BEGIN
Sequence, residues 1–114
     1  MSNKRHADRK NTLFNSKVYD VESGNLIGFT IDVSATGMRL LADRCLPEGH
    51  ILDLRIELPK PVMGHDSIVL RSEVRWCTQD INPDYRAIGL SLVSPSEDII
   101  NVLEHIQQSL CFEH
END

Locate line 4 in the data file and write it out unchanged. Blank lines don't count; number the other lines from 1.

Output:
   101  NVLEHIQQSL CFEH